We know how important oxygen is for life, but we’re now finding out how critical oxygen is for neuron development in newborns. Our studies have revealed a pathway that functions as a master regulator of this development, and its activity is dependent upon oxygen levels in the brain.
As a developmental neurobiologist, I study how the brain wires itself before and after birth. In that wiring, neurons have to migrate to their final position in the brain’s network. But how do environmental cues control the onset of differentiation and migration? We are researching this question, as well as how that process drives overall brain maturation.
In part, this question has been unanswered due to a historical quirk in our field. For the last several decades, researchers have concentrated on how genes control the maturation of neurons and guide them to their final position. Environmental influences have been relatively overlooked. Researchers have been so focused on genetic mechanisms that affect neuronal maturation that they didn’t really think about how the air we breathe could be an important developmental trigger.
Our latest findings, published in Neuron, have revealed for the first time the surprising mechanism by which oxygen levels trigger neurons to mature and migrate. The results have important clinical implications because we know that babies born prematurely have problems with the oxygen levels in their brain, a condition called hypoxic insults.
It’s been known for a number of years that hypoxic insults are associated with congnitive deficiency and delayed brain development in pre-term children. While some basic scientists had previously noted a delay in neuron maturation in hypoxia, no one had implicated precise molecular mechanisms to understand how this occurs.
The oxygen-dependent mechanism we discovered not only changed neurons ability to mature but also migrate to a final position in the developing brain. Thus, lack of oxygen in the brains of preterm infants could be a major underlying cause for disruption of neuron or circuit function.
The discovery began in mice. It’s well known that oxygen concentrations in the fetus (mice or humans) are low (hypoxic). That is expected because the fetus has not begun to breathe. Surprisingly, the mouse cerebellum remains hypoxic for about nine days after birth. The discovery gave us an opportunity to explore how oxygen levels govern brain development.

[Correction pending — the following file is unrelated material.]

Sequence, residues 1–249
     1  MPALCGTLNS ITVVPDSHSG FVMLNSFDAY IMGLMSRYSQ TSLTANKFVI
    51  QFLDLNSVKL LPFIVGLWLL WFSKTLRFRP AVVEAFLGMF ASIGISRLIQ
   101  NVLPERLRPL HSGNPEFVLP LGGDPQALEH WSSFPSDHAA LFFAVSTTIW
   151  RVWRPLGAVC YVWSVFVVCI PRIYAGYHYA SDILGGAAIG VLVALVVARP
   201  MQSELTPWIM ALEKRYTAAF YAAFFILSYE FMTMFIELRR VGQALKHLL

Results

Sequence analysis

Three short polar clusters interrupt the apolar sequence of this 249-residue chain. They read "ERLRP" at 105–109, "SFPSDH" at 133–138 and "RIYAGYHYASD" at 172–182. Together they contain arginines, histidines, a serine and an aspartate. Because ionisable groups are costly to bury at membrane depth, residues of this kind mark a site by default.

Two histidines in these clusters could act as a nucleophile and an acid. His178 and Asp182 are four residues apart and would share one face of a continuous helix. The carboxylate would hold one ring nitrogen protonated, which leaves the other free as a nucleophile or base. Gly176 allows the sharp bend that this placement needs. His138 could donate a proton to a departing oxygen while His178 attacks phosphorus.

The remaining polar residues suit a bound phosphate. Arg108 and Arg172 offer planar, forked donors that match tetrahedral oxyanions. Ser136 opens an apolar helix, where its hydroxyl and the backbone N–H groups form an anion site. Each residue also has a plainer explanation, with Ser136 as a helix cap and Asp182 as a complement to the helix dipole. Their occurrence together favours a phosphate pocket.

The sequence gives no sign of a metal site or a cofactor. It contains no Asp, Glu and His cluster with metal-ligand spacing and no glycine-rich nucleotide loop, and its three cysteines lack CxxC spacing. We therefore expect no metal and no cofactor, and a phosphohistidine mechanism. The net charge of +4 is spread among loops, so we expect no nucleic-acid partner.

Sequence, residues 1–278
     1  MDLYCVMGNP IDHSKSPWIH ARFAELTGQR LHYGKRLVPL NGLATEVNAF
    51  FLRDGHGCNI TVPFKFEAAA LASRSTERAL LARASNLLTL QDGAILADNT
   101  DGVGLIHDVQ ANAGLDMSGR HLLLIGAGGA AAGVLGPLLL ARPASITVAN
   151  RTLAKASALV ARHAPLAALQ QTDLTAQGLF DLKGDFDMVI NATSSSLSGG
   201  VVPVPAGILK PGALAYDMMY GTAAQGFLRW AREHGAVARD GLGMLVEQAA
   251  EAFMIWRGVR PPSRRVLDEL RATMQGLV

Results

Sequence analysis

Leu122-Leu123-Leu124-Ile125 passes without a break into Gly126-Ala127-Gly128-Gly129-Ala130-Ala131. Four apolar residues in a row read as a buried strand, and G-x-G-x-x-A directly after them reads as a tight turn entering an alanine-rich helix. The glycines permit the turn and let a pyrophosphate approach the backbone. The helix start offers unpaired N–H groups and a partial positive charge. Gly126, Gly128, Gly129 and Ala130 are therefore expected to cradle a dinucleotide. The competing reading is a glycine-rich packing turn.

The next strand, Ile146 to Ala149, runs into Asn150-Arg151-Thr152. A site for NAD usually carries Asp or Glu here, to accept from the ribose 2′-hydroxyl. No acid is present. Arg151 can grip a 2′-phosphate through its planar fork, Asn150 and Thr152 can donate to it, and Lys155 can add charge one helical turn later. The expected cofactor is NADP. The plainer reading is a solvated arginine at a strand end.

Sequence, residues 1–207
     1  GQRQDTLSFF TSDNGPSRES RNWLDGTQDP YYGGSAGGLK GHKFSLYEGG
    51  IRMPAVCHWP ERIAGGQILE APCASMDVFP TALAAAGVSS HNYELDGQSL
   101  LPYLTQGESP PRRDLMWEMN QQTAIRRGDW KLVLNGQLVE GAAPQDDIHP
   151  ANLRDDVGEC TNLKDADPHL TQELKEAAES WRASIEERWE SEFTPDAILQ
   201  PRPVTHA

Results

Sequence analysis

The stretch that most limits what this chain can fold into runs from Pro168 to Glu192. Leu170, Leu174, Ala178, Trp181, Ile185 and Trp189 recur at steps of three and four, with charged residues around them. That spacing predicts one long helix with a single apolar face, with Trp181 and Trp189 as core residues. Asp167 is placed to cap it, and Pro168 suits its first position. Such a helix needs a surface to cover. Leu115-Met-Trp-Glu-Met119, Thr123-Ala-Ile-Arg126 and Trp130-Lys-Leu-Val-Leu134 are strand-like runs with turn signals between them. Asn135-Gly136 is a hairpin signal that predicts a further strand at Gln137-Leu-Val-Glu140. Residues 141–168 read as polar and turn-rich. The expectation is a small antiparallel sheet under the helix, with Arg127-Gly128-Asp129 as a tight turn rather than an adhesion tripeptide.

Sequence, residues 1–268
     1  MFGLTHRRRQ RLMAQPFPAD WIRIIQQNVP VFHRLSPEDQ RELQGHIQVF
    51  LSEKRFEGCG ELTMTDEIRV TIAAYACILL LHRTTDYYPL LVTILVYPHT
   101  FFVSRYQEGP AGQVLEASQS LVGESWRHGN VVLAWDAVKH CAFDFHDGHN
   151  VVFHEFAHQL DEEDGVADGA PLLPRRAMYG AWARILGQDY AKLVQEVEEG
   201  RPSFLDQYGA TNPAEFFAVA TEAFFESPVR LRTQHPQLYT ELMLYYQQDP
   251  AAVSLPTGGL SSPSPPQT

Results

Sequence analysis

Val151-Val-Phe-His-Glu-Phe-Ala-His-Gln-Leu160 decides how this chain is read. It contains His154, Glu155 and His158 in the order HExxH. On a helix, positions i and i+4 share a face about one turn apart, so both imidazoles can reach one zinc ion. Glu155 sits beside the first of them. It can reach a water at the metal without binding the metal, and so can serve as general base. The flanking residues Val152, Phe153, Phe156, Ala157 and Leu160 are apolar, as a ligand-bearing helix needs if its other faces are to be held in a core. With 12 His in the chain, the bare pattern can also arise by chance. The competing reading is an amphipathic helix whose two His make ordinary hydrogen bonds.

Our studies revealed that rising oxygen levels in the developing cerebellum dial down a biological mechanism called the Hif1α pathway. At low oxygen levels, this pathway inhibits neurons from maturing and migrating, but turning it down essentially kick-starts their development. We showed that hypoxia and the Hif1α pathway inhibits a critical process called polarization that is essential both for neurons prepare to differentiate and kick-off migration.
As oxygen levels increase in the developing brain, Hif1α pathway inhbition recedes, allowing developing neurons to accelerate their maturation programs prior to migration. This finding of the link between oxygen levels, maturation and migration, we believe, is an important conceptual shift in the field.
To explore the mechanism, we used sophisticated genetic tools and imaging technologies called macro light sheet microscopy and lattice light-sheet microscopy. The former lets us take 3-D images of the blood vessels permeating the developing cerebellum and compare them with images of neighboring brain tissue that is not hypoxic. The latter lets us take high-resolution images of samples about the size of a single cell. Lattice light sheet microscopy showed us at the subcellular level that Hif1α changes the types of cell adhesive interactions that happen in developing neurons that are critical to start their migratory journey.
This work is the epitome of team science: a group of developmental neurobiologists in my lab worked for nearly eight years on the genetic and cellular biological aspects of the study (co-authors Jan Kullmann, PhD, Niraj Trivedi, PhD, Danielle Wong, MS, and Christophe Laumonnerie, PhD). Our department is fortunate to have optics specialists led by co-author Daniel Stabley, PhD, to employ advanced microscopy. We are also fortunate to have computational expert and co-author Abbas Shirinifard, PhD, to extract the data from these images and give us quantifiable results.
Although our findings are basic, we hope that they can lead to treatments that would enhance the Hif1α-control mechanism in preterm infants, both to help their neurons properly mature and migrate.